Understanding the neurobiological mechanisms underlying the perception, interpretation, and memory of social information may help explain why certain triggers in one's social environment (e.g. faces) have such strong personal relevance for individuals with certain psychiatric disorders. I have been interested in understanding aberrant social cognition in two social fear-based pathologies, social anxiety disorder and body dysmorphic disorder, which may be mediated by changes within the default mode network and the oxytocin system, either independently or jointly. As Director of the Center of Neuroscience, Neuroendocrinology, and Clinical Translation (CoNNeCTLab), I employ brain connectivity techniques (e.g., resting state functional connectivity MRI), experimental paradigms commonly used in clinical psychological science and social cognitive affective neuroscience, as well as pharmacologic administration, to investigate the following key questions: (1) What are the neurobiological contributions to maladaptive social information processing in social fear-based disorders? (2) What is the predictive utility of the neurobiological correlates of aberrant social cognition in revealing one’s expected course of illness or treatment response? (3) Can these neurobiological mechanisms be manipulated through targeted neuromodulation strategies (e.g., intranasal oxytocin)?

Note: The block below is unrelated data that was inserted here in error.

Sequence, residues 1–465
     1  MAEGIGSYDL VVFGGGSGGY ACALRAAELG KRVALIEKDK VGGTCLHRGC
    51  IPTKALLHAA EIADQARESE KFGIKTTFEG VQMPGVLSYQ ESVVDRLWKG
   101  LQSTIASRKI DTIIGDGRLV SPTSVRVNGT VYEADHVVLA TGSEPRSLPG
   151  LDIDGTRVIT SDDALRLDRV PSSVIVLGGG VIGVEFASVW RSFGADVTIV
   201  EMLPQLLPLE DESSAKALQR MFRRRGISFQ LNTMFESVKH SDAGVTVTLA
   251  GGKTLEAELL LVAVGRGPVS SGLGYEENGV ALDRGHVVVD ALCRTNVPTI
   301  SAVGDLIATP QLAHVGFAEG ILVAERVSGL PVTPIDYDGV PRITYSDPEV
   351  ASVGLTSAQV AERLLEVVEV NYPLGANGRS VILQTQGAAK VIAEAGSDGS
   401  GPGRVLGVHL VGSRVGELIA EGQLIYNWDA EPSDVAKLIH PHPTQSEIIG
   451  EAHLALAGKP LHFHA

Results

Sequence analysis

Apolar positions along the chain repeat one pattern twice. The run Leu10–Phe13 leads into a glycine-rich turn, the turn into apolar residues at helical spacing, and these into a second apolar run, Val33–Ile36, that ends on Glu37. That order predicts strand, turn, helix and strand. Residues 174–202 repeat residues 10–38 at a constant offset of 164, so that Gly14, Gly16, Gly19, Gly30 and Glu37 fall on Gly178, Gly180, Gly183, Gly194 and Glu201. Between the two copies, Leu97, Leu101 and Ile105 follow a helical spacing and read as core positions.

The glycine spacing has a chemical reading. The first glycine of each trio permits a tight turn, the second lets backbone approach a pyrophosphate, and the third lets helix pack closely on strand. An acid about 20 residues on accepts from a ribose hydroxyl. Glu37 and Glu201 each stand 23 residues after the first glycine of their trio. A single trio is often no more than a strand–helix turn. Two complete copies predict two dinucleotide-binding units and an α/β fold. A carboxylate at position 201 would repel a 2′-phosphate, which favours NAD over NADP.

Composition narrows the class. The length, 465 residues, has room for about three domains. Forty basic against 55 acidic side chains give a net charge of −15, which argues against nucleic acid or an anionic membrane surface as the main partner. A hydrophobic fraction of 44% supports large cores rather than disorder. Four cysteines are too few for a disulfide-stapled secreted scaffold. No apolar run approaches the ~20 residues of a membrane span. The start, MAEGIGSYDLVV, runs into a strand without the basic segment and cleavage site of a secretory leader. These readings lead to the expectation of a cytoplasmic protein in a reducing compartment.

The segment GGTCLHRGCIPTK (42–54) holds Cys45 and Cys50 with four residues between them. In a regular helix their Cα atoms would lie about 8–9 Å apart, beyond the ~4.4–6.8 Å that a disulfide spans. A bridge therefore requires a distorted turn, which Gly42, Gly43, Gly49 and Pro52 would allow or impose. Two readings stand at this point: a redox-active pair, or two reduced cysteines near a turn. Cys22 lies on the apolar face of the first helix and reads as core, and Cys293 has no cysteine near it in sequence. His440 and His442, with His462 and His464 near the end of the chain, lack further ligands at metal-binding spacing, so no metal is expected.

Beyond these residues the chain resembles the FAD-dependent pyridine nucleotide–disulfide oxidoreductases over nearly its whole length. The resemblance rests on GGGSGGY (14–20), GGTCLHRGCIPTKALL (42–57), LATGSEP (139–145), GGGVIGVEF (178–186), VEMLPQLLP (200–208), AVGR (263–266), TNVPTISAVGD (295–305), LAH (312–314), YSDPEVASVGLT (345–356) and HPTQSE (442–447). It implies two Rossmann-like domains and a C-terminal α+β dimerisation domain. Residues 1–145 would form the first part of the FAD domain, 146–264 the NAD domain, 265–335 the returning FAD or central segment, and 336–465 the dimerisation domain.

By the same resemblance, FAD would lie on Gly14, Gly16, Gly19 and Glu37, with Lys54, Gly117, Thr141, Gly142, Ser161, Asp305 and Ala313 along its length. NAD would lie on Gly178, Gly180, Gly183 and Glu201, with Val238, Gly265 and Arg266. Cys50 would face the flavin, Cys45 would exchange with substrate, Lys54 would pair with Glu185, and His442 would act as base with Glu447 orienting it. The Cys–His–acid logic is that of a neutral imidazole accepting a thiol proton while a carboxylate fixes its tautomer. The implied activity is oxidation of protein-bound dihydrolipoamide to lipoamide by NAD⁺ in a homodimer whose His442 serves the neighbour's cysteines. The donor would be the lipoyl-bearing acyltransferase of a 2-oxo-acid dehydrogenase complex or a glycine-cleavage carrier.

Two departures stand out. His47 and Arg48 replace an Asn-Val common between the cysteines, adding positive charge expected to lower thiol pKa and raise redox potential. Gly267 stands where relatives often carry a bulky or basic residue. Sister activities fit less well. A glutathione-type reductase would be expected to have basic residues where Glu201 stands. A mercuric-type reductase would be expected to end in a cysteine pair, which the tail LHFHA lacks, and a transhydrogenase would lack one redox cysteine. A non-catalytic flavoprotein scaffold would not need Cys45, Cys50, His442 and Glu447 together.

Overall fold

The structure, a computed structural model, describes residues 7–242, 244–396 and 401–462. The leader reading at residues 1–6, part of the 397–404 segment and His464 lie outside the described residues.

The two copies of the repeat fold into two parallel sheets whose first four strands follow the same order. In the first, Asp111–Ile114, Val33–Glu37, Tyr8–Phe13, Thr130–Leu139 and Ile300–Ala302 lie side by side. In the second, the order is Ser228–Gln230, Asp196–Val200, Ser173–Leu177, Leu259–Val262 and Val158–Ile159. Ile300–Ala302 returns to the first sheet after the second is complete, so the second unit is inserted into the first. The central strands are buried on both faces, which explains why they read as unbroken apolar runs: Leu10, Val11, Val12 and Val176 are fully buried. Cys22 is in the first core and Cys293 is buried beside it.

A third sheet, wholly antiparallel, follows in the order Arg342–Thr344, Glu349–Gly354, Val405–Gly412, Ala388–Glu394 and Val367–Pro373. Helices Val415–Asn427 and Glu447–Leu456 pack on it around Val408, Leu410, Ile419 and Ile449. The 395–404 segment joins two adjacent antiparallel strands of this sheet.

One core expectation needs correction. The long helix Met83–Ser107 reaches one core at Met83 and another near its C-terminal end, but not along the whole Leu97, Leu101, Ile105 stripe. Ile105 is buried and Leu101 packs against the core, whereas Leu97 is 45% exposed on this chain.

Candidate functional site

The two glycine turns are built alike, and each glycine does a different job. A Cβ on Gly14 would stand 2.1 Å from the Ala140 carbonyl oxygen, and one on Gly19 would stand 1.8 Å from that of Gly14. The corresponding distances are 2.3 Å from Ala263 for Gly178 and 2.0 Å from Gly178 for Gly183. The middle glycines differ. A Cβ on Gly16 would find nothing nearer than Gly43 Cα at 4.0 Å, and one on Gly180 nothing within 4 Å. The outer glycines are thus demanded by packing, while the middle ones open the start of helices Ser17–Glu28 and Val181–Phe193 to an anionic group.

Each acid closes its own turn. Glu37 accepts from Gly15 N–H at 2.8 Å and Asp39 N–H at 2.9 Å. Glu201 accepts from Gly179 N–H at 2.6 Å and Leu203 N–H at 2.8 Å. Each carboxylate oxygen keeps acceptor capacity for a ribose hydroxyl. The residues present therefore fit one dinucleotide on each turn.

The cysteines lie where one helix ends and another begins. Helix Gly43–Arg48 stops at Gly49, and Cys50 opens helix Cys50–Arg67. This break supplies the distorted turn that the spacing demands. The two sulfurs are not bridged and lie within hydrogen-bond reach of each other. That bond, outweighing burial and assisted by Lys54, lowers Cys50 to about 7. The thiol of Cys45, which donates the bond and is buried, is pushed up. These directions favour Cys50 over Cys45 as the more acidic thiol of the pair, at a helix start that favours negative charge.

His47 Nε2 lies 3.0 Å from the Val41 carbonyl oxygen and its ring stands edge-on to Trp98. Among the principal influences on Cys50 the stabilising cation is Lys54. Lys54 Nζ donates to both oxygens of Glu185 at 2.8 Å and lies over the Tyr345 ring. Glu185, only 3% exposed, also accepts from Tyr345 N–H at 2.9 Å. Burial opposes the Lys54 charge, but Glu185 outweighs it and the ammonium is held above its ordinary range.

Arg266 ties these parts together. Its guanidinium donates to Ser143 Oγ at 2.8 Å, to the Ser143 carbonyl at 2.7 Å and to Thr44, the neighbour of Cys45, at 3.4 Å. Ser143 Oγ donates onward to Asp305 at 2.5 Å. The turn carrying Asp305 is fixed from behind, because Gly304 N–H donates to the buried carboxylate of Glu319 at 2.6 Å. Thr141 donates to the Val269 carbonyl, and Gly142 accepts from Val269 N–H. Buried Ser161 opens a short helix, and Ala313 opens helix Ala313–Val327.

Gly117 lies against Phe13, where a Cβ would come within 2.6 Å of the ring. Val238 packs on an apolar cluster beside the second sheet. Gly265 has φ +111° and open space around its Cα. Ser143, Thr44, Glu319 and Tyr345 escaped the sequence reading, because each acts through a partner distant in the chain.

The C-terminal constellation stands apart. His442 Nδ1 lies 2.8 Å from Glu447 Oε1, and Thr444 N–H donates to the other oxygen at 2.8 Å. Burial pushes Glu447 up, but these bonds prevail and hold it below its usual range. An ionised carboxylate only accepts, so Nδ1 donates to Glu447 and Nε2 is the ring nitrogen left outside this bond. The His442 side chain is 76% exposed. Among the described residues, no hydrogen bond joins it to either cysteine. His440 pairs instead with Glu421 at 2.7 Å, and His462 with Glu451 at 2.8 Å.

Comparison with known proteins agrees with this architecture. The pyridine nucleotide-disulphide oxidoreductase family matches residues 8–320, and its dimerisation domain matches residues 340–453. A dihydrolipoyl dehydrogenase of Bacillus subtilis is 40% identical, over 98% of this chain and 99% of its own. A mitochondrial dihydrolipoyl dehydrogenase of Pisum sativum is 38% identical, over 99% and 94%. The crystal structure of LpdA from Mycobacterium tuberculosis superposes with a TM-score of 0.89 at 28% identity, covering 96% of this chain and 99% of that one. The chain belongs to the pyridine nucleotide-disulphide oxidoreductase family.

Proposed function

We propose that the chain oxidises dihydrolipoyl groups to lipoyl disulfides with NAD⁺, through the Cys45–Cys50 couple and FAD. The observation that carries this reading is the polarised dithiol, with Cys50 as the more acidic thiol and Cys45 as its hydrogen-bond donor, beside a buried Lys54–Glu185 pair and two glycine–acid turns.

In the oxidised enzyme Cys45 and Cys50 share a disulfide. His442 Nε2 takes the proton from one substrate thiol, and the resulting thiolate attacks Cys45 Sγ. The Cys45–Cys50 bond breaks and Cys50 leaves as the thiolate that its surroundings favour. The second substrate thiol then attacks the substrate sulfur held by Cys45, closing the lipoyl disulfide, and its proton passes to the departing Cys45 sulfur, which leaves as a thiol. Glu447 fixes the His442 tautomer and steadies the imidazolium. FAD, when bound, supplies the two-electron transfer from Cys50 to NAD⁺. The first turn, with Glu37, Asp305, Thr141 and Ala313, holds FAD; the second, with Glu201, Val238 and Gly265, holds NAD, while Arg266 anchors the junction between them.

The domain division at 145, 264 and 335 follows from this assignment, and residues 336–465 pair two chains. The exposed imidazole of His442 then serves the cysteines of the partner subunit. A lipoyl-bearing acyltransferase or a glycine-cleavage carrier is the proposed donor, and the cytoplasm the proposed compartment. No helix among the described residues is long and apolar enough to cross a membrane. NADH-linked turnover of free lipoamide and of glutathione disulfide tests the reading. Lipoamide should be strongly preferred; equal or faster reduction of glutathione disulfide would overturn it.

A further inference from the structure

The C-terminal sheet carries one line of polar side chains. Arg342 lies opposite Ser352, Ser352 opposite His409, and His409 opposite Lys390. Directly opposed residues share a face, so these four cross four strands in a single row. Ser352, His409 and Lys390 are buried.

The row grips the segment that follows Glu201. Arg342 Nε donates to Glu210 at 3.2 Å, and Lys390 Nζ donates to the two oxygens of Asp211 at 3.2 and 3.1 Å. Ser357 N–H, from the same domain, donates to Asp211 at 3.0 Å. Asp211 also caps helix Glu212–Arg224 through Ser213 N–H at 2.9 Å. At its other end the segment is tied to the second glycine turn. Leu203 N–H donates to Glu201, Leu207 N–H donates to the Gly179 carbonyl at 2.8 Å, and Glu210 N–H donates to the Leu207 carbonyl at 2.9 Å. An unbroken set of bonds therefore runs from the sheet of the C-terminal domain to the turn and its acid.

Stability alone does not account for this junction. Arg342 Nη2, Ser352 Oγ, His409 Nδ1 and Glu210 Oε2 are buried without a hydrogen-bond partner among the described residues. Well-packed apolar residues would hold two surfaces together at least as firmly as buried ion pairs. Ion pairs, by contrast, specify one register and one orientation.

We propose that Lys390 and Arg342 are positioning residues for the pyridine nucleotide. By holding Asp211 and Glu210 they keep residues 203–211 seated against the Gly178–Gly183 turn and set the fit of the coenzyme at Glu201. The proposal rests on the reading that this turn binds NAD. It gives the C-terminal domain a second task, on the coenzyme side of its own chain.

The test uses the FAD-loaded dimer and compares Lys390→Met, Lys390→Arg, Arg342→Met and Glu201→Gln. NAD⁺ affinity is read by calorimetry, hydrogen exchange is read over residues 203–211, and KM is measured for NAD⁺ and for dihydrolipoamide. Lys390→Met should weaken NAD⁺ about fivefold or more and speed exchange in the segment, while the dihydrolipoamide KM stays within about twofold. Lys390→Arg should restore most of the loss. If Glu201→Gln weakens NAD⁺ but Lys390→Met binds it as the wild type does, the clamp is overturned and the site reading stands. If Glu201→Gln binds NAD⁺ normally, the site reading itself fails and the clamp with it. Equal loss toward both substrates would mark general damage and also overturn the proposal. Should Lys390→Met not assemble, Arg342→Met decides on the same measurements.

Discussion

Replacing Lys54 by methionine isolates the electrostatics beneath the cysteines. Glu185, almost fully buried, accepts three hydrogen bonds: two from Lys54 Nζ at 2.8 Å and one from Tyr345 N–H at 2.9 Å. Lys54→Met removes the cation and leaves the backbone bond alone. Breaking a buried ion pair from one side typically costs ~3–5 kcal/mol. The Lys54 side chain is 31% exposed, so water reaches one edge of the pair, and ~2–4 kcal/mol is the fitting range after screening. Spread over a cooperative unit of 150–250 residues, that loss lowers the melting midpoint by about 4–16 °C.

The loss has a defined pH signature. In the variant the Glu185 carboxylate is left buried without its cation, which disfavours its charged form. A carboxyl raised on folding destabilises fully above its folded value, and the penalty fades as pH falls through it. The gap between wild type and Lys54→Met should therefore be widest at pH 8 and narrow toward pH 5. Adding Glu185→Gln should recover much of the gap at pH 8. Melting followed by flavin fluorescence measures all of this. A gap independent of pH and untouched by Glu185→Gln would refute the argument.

Fang, A., Baran, B., Beatty, C. C., Mosley, J., Feusner, J. D., Phan, K. L., Wilhelm, S., & Manoach, D. S. (2022). Maladaptive self-focused attention and default mode network connectivity: A transdiagnostic investigation across social anxiety disorder and body dysmorphic disorder. Social Cognitive and Affective Neuroscience, 17(7), 645-654
Fang, A., Steketee, G., Keshaviah, A., Didie, E., Phillips, K. A., & Wilhelm, S. (2020). Mechanisms of change in cognitive behavioral therapy for body dysmorphic disorder. Cognitive Therapy and Research, 44, 596-610.
Fang, A., Jacoby, R. J., Beatty, C., Germine, L., Plessow, F., Wilhelm, S., & Lawson, E. A. (2020). Serum oxytocin levels are elevated in body dysmorphic disorder and related to severity of psychopathology. Psychoneuroendocrinology, 113, 104541.
Fang, A., Lawson, E. A., & Wilhelm, S. (2019). Intranasal oxytocin modulates higher-order social cognition in body dysmorphic disorder. Depression and Anxiety, 36, 153-161.
- March 30, 2023 Angela Fang quoted in SELF article on body dysmorphic disorder
- June 2, 2022 Angela Fang presented research in an Early Career Spotlight event during the 2022 Association of Psychological Science Annual Conference
- March 2, 2022 Angela Fang receives 2022 Seattle AWIS Award for Early Career Achievement in STEM
- January 27, 2022 Angela Fang receives 12-month grant from the UW Royalty Research Fund
- August 25, 2021 Angela Fang has just been awarded a Brain & Behavior Research Foundation Young Investigator Grant.